Wednesday 18 February 2015

Transformative use of a building: does it infringe architect's moral rights?

A recent article in the NL Times, here, raises an issue which reflects a popular exam question for copyright students. The article is "Architect sues Leiden museum on copyright charge" by Hanna Daych and it reads, in relevant part (with links added):
Architect Fons Verheijen is planning legal action against the Naturalis Museum in Leiden, whose exhibition space building he designed. He argues that the museum is violating Dutch copyright laws by transforming the exhibition space into a storage facility and office space.

“They’re mutilating the building,” Verheijen told NL Times. “Somebody who creates art cannot have their work mutilated. Transforming my exhibition space into a storage space is mutilation.” ... [H]e plans to begin legal proceedings against the museum in April. His aim is to force the museum to scrap its current plans. ...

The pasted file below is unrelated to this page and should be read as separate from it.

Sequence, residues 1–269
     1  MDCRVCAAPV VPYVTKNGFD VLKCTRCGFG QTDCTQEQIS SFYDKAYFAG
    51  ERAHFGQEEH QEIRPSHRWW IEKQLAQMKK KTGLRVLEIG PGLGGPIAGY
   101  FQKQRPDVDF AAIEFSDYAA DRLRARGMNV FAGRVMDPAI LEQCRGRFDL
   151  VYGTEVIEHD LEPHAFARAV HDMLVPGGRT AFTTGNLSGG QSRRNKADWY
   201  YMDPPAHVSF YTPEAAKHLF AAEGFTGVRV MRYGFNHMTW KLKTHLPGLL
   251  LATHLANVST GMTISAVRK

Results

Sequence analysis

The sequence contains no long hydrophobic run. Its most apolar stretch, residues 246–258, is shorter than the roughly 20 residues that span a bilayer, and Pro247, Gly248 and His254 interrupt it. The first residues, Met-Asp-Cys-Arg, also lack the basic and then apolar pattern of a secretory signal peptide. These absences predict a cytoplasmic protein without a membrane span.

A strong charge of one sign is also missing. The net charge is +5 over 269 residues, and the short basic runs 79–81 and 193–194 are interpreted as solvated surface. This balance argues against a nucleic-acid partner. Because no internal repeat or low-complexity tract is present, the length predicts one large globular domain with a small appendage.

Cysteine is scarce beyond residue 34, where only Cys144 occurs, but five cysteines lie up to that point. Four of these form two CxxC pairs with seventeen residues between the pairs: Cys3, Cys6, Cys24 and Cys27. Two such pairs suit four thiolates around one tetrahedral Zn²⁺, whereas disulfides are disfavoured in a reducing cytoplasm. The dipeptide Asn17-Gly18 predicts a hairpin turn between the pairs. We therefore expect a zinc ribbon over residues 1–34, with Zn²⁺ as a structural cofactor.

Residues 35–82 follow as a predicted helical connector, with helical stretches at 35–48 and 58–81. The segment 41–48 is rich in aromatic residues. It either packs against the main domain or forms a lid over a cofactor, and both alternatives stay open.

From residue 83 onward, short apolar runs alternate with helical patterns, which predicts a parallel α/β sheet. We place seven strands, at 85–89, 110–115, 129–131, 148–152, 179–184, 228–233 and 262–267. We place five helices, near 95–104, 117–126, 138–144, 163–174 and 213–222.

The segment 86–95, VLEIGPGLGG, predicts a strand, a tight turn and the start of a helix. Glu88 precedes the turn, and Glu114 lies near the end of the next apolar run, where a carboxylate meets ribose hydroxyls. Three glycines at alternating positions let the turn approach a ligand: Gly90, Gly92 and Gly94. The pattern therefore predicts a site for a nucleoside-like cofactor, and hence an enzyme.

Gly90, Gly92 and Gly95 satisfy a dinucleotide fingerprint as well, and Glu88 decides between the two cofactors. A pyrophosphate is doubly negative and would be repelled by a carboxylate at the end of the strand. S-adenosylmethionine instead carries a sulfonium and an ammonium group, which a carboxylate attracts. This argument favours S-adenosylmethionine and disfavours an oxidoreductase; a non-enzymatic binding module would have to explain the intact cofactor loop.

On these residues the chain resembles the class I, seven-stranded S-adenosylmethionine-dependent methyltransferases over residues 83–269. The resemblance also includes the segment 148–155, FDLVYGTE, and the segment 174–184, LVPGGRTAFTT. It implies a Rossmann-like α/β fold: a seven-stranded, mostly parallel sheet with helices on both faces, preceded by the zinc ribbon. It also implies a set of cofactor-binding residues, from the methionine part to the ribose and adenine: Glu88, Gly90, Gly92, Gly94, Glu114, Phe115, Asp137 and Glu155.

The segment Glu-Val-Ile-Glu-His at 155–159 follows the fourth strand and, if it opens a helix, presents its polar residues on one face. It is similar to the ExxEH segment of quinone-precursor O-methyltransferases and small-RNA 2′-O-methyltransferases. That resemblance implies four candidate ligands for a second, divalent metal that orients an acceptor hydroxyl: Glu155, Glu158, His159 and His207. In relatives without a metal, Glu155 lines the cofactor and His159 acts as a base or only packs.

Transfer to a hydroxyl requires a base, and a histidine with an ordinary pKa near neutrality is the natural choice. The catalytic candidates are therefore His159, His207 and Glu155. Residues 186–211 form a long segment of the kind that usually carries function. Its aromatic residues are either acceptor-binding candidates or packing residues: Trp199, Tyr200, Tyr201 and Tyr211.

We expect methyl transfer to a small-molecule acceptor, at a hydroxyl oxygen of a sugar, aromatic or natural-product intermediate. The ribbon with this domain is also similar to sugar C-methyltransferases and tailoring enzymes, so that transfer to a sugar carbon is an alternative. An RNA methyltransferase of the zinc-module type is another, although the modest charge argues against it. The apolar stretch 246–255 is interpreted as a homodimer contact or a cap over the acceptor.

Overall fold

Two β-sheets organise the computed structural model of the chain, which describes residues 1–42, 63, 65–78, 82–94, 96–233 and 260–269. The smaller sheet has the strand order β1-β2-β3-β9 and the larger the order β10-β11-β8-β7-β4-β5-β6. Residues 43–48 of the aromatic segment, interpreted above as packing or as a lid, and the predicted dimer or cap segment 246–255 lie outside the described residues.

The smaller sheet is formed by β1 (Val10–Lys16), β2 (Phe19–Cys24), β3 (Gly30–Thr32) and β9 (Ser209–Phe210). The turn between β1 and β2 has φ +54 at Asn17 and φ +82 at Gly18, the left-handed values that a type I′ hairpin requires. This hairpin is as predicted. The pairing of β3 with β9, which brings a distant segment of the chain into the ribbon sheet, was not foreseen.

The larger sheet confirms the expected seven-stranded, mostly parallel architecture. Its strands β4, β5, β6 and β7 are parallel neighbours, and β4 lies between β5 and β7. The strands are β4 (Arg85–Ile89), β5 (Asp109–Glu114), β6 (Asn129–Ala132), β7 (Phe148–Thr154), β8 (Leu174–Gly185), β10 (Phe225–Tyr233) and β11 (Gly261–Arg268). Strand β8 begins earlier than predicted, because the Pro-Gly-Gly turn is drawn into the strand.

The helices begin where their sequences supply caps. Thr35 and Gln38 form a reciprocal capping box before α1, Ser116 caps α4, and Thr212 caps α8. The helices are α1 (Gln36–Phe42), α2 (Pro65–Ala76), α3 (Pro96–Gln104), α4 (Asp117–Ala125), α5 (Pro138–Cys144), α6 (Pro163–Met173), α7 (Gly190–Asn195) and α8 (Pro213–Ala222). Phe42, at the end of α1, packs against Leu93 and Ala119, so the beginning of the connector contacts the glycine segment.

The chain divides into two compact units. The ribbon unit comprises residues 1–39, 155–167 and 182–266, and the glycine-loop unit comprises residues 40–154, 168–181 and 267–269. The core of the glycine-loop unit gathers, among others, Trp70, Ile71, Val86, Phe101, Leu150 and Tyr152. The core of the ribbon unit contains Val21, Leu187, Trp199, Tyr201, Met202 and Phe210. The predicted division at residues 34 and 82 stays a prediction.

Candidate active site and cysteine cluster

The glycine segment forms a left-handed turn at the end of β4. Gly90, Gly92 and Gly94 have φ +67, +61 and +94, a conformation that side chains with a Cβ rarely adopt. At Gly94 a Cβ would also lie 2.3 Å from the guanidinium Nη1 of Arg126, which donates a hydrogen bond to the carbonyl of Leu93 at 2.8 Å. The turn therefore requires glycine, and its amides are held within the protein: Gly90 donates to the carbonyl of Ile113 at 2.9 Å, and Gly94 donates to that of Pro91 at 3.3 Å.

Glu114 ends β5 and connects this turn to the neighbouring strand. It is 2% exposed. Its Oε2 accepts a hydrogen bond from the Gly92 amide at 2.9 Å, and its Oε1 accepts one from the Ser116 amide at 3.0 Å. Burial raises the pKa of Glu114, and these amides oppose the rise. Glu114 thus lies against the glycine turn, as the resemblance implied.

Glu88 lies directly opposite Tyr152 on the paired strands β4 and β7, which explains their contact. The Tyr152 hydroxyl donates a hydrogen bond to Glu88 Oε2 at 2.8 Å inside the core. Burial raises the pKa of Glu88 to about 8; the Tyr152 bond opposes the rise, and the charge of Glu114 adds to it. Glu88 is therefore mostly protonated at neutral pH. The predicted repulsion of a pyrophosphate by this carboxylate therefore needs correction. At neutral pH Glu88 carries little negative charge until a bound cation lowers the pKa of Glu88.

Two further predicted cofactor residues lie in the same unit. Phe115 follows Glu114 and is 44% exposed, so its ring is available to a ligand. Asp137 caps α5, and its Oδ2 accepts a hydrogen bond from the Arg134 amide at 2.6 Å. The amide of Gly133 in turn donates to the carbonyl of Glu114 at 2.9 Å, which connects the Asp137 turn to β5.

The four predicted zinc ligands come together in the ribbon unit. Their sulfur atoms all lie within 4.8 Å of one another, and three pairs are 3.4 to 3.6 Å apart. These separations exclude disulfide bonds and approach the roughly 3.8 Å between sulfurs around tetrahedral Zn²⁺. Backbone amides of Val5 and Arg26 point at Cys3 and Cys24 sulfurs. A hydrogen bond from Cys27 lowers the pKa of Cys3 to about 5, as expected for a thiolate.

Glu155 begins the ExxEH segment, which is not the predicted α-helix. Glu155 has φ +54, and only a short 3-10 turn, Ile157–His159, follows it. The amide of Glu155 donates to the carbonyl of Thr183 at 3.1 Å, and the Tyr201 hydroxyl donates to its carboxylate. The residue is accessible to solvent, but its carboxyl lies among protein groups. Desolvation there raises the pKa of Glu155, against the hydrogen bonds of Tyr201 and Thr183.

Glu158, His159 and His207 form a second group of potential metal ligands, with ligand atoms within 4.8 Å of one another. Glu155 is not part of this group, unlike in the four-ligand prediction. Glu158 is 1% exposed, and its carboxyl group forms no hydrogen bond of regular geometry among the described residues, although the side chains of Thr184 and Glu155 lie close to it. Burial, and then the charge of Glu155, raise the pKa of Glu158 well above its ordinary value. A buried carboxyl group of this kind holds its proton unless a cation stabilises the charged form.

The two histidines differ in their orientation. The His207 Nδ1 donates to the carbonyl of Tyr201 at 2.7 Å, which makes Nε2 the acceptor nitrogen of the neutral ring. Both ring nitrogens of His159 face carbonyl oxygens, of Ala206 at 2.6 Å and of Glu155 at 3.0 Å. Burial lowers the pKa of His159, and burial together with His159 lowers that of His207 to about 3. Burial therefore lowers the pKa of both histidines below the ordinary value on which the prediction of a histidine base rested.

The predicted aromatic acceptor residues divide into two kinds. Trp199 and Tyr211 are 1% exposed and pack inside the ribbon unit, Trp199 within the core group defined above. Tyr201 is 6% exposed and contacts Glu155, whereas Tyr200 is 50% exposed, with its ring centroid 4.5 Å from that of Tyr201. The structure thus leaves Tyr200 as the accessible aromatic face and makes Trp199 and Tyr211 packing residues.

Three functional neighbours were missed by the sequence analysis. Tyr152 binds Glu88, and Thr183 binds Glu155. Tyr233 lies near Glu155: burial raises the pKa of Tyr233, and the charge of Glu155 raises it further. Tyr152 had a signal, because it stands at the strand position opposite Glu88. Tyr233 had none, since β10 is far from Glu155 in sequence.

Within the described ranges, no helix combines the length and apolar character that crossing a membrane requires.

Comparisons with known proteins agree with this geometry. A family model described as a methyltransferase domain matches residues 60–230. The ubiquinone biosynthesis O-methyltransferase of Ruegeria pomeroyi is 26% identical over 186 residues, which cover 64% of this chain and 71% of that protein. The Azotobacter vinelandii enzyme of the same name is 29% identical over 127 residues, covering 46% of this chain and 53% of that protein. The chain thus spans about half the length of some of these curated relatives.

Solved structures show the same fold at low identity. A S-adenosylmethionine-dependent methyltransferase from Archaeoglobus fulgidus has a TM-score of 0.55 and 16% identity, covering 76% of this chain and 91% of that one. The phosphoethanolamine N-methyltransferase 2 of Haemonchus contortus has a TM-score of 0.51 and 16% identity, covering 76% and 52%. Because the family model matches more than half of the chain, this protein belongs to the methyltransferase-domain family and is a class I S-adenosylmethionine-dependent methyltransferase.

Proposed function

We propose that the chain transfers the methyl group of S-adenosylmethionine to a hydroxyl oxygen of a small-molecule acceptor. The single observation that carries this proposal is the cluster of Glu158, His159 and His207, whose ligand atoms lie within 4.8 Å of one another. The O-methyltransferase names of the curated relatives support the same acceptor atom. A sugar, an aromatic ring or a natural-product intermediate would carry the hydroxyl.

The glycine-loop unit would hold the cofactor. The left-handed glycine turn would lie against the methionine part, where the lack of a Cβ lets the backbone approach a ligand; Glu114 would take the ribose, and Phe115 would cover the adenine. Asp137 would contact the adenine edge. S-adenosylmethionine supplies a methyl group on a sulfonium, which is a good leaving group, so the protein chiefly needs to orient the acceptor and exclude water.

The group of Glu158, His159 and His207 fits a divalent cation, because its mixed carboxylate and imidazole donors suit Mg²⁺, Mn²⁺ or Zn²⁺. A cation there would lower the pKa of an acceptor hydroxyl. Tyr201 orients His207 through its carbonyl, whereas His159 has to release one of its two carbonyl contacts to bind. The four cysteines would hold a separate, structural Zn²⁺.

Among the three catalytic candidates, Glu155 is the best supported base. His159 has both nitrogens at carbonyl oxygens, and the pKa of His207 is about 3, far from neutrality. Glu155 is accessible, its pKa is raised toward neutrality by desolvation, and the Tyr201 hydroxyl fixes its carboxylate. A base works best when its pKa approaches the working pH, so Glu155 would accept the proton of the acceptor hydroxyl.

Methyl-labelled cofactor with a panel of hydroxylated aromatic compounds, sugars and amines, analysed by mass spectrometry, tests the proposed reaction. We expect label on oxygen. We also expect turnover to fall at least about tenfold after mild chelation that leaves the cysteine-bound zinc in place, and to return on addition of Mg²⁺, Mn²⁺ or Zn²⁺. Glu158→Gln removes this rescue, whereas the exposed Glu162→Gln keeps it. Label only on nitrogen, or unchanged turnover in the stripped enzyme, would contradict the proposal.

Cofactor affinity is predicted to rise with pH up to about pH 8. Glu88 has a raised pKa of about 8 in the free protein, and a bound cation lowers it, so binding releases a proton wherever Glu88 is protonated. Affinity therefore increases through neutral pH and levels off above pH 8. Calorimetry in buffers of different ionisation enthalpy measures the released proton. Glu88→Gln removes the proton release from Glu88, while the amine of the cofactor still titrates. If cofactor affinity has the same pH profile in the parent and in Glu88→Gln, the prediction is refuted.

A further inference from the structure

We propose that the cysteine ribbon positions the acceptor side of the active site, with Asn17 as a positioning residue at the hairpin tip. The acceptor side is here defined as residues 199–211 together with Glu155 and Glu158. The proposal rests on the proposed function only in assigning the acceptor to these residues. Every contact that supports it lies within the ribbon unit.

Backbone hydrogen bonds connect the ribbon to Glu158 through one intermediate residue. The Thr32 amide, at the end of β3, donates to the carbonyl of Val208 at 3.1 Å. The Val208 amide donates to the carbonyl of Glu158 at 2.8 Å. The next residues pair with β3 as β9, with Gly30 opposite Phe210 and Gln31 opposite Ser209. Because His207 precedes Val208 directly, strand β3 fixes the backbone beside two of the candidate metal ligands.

“My building is of a high architectural quality; it should not be used for storage,” Verheijen said. He insists that the existing exhibition space should be maintained and recommends the museum instead build an extension onto the current space for the office and storage requirements. “I’m not against another architect designing that,” he noted.

Architect Michiel Riedijk understands Verheijen’s disappointment. “But a client always has the right to make modifications to a building. Our work is a product and not an autonomous work of art, such as a painting. We are articulating his design rather than inflicting an injustice to it,” he said in an article in de Volkskrant. ...
This blogger loves the line about "we are articulating his design rather than inflicting an injustice to it" and wishes he had composed it. Having said that, copyright does not impose a binary system on the outcomes of intellectual creativity. It is open to an initiative to be both an articulation of a design and injustice to it.  Since there is no accounting for taste, no attempt will be made here to predict the outcome of the forthcoming legal proceedings -- though readers will doubtless have their own opinions.

Thank you, Chris Torrero, for this link.

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